2018 World Population Data
CHANGING AGE STRUCTURES | EMPLOYMENT
Old-Age Labor Force Participation Decreases for Men in Developing Regions
A country's age structure and its socioeconomic and political contexts can influence the labor force participation rate (LFPR) of older adults. At the same time, old-age LFPR can impact countries’ policies and social support structures. Rates vary considerably by country. Overall, they tend to be higher in countries in the high and moderate child dependency categories. However, many countries in these categories, including the Philippines, show an emerging pattern of decline in older men’s LFPR. In contrast, older adults’ LFPR is generally rising in high old-age dependency category countries. This rise is driven in part by longer life expectancies and policies that provide incentives to keep older adults in the formal labor market. Older women’s LFPR is increasing in many countries around the world, spurred by social security reforms and changing cultural norms.
Brazil, an emerging economy with moderate child dependency, is part of a group of developing countries that in recent decades have seen a decline in LFPR among those 65+. Brazil’s LFPR was estimated at just over 30 percent among older men in 2014, a decline of 4 percentage points from 10 years earlier. LFPR also decreased slightly among older women, going against the global trend. This decline occurred alongside increased access to pension programs―Brazil’s average retirement age stands at 56 years for men and 53 years for women. Policymakers concerned about the current system’s sustainability are now proposing alternative policies that aim to increase the average retirement age and reduce social security benefits.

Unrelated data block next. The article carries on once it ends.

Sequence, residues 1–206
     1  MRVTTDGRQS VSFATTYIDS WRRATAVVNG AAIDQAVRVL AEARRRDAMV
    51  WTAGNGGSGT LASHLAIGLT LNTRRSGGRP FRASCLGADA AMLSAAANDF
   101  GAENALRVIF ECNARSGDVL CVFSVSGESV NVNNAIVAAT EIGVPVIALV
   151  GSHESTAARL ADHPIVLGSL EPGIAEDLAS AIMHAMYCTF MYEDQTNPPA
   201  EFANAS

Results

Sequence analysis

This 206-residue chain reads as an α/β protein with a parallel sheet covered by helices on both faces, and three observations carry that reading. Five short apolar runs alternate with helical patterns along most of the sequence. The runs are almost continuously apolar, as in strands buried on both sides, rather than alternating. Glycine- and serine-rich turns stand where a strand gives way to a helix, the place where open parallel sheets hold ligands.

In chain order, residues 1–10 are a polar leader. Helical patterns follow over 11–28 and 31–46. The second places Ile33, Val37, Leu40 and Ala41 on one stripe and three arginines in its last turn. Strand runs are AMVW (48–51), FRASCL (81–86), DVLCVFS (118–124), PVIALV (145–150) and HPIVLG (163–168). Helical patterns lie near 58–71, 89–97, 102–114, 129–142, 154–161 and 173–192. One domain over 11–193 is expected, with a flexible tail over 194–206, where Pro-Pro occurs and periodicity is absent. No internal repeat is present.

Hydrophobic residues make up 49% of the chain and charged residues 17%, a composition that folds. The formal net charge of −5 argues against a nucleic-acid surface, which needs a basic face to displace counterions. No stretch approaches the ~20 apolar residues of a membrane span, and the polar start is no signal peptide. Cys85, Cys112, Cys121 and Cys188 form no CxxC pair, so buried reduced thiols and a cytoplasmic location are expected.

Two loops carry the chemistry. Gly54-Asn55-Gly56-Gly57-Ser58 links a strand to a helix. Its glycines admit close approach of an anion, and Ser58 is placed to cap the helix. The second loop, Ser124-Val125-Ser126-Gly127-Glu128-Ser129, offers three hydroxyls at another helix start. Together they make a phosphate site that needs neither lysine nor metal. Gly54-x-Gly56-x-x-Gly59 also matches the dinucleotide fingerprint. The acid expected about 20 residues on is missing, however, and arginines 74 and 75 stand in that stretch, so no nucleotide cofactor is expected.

Japan, with one of the world’s oldest populations, has already taken steps to keep older adults in the workforce. Over the past three decades, it has implemented policies that reduce the amount that older adults receive in their public pension benefits and that increase the eligibility age for those benefits. However, Japan’s old-age LFPR―which is higher than in most other more-developed countries―has only begun to rise over the past ten years or so. This growth in old-age LFPR reflects numerous demographic and socioeconomic trends in the country, including increases in life expectancy, more flexible employment opportunities, greater female participation in the labor force, and changes in social security benefits.
Older adults’ labor force participation tends to be higher in countries in the high and moderate child dependency categories, but older men’s labor force participation has decreased in many of these countries.SHARE ON TWITTER